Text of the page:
State regulations protect those natural areas that help to reduce the risks associated with flooding. When portions of floodplains are preserved in (or restored to) their natural state, they provide many benefits to both human and natural systems.
These benefits range from providing aesthetic pleasure to reducing the number and severity of floods, helping handle stormwater runoff and minimizing non-point water pollution. For example, by allowing floodwater to slow down, sediments settle out, thus maintaining water quality. The natural vegetation filters out impurities and uses excess nutrients.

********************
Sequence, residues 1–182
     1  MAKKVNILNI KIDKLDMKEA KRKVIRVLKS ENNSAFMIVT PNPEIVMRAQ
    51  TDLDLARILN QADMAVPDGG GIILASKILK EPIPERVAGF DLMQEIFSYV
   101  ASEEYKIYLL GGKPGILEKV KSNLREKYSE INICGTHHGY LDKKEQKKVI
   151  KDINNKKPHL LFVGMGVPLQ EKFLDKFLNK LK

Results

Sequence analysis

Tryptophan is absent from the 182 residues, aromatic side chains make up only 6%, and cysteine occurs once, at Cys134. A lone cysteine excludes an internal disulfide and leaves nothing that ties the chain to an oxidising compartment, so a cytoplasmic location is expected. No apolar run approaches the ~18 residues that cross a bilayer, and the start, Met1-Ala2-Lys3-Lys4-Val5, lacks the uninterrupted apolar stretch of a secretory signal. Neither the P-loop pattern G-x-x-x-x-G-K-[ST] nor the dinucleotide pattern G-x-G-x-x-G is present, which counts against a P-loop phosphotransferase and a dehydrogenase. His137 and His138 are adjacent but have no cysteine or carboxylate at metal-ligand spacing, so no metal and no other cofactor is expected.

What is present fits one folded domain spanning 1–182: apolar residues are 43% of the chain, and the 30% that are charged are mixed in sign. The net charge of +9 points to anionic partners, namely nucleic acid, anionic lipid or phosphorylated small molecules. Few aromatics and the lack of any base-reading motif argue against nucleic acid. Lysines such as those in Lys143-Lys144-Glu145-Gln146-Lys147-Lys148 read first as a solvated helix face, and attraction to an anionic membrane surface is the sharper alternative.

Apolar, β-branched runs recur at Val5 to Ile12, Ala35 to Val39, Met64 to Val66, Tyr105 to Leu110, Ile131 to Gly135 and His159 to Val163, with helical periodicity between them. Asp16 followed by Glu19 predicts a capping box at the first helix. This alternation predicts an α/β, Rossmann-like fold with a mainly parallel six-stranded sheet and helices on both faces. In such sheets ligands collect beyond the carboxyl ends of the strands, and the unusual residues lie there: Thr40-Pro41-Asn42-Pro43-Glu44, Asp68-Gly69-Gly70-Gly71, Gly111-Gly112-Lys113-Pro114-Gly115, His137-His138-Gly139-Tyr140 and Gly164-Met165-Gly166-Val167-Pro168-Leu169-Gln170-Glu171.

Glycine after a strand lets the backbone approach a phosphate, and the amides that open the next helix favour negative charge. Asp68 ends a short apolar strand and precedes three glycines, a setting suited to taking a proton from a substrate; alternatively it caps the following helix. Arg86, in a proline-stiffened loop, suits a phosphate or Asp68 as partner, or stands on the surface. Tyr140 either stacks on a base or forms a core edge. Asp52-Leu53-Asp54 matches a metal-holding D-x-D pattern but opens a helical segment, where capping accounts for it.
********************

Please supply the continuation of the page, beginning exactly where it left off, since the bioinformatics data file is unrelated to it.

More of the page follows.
Based on the FEMA Flood Zone Maps, the City has approximately 18,000 acres in Special Flood Hazard Areas (SFHA). Of that area over 12,000 acres are preserved in as a Natural and Beneficial Area (the Water Catchment Area) and nearly 200 acres of SFHA in open space (parks).